Elizabeth Thompson develops the idea of the pioneer woman as an archetypal character firmly entrenched in Canadian fiction and the Canadian consciousness. Thompson's broad definition of the concept of pioneer can be seen to reflect the history of Canadian women, starting with the pioneers of settlement and continuing through the pioneers of spiritual perfection and psychological liberation. Various versions of the pioneer woman have appeared in English-Canadian fiction since Traill's development of the character type. Sara Jeannette Duncan's The Imperialist and Ralph Connor's The Man From Glengarry and Glengarry School Days feature pioneer women who cope not only with physical frontiers but also with those grounded in social and personal concerns. More recently, Margaret Laurence used this character type in The Stone Angel, A Jest of God, and The Diviners, with characters who inhabit internal, personal frontiers. Thompson argues that the longevity of this character type in English-Canadian fiction reveals an affinity between the pioneer woman and a common conception of the role of women in Canadian society. She suggests that the role for women proposed by the early immigrants was an appropriate choice for the Canadian frontier, regardless of the location and nature of that frontier.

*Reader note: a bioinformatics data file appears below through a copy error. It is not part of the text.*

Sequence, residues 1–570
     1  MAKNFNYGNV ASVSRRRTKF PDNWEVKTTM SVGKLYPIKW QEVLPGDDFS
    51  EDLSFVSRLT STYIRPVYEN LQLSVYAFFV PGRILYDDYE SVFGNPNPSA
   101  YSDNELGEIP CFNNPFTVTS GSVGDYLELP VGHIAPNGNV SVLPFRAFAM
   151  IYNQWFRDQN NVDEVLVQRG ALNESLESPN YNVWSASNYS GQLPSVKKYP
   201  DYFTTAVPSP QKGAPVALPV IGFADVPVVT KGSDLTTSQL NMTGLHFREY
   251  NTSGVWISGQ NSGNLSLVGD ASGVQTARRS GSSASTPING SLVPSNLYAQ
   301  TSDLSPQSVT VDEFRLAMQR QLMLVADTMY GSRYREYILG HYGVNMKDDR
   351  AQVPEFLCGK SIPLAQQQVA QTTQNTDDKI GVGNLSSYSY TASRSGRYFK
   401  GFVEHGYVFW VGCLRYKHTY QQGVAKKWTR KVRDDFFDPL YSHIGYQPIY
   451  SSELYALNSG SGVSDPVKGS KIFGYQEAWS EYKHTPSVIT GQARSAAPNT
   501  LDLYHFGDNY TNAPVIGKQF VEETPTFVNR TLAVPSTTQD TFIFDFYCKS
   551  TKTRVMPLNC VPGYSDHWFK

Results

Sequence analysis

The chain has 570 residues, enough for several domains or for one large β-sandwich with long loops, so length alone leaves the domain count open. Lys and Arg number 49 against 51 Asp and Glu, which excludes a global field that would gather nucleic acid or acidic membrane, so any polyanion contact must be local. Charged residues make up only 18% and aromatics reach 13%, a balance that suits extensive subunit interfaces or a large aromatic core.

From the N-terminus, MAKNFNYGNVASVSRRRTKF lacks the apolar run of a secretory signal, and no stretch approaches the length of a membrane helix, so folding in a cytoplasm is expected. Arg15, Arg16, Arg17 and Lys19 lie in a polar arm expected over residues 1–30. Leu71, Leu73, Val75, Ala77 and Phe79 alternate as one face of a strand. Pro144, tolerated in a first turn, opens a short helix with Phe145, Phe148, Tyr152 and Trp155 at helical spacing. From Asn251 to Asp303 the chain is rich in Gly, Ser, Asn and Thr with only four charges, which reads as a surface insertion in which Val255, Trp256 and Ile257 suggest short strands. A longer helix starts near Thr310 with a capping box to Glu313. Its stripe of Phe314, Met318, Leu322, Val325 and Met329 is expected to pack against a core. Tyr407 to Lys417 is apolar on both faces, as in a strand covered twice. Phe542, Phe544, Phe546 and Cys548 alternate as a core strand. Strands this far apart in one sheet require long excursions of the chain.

"tantalizing ... I think of Carol Fairbanks' Images of Prairie Women as a book of comparable nature." Clara Thomas, Scott Library, York University.